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Posted by Mike on August 24, 2007, 11:55 am
 

On 24 Aug 2007 06:29:05 -0400, nicksanspam@ece.villanova.edu wrote:


How is it unbelievable?  The sun shines through the windows and warms
up both the areas used by the occupants and the stone/concrete walls
and floor.

The sun stops shining, the walls and floor are still warm because of
the insulation *outside* the concrete/stone mass meaning that the
majority of the heat 'loss' is to the usable building space.

Tweak the interior heat retaining capacity of the stone/concrete and
reduce the losses through the insulation and windows to the outside
world and the house could stay warm for weeks, do it right and use the
additional gain from the occupants and their appliances and there
might be zero requirement for additional heat.

It's not rocket science just sensible design.


--

Posted by nicksanspam on August 24, 2007, 2:43 pm
 


Got any numbers? :-)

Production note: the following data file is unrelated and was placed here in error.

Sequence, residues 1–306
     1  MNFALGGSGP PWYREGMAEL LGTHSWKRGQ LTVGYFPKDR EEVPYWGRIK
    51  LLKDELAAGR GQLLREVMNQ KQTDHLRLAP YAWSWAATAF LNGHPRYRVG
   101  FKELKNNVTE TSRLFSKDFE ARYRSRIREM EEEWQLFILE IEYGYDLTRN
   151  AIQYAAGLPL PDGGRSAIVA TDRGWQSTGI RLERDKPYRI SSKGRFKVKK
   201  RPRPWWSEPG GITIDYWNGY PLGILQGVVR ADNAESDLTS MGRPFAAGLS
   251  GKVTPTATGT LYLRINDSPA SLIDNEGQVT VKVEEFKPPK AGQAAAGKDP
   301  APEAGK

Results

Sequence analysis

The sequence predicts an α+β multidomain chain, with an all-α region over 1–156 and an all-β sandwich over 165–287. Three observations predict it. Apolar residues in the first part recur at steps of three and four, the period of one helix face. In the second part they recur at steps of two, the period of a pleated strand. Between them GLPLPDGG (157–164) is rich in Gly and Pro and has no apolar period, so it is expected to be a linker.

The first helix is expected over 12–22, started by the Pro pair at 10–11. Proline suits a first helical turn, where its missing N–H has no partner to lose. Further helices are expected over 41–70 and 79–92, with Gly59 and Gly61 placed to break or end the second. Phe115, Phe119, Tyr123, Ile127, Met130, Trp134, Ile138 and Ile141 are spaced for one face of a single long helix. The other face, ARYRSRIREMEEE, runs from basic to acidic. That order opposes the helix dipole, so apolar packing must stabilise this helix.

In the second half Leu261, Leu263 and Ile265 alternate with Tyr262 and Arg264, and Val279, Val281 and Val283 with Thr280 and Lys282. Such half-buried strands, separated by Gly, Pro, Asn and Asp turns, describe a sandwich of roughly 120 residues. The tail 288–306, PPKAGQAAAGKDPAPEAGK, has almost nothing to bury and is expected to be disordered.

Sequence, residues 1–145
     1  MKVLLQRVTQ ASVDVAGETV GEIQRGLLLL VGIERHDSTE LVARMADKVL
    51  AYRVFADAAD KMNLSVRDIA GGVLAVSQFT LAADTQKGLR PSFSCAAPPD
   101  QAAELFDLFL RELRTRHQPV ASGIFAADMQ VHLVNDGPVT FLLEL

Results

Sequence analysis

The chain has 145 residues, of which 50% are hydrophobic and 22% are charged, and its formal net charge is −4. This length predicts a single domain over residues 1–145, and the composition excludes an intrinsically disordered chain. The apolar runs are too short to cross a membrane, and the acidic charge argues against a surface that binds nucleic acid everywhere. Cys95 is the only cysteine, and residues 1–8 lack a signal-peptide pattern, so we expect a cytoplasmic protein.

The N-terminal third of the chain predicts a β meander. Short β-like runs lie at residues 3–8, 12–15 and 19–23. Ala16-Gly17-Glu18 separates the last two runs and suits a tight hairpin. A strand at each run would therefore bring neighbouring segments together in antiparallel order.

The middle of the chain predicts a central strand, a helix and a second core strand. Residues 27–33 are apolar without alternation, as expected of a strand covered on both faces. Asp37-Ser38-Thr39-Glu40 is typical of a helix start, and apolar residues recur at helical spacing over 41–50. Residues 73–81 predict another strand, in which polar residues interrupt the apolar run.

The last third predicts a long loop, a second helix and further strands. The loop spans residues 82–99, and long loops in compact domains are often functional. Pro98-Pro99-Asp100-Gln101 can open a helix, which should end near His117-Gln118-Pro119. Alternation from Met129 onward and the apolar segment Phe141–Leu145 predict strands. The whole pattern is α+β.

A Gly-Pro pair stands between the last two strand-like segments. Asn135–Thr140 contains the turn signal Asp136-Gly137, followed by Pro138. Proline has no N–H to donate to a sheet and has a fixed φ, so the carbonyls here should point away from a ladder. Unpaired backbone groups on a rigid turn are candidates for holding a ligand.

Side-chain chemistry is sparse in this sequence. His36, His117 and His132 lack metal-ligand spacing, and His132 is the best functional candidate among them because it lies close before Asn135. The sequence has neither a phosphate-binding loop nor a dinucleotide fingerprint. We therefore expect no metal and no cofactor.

Nick


Posted by Sundug on August 24, 2007, 5:12 pm
 On Aug 24, 9:43 am, nicksans...@ece.villanova.edu wrote:

Yes, we had a 5*F morning several years ago, no back up heat, and 658F
was the coldest temp seen inside my house in the 22 years I`ve lived
in it. Many similar experiences, search the net, it`s done often, just
basic solar design, south facing glass, thermal mass, insulation. It
works, I have a book showing 2,500 years of solar design, you are well
behind the times. Doug


Posted by nicksanspam on August 24, 2007, 6:02 pm
 

Isn't that a tad warm? :-)

Nick


Posted by Solar Flare on August 27, 2007, 4:11 am
 He's been burning books to stay warm.



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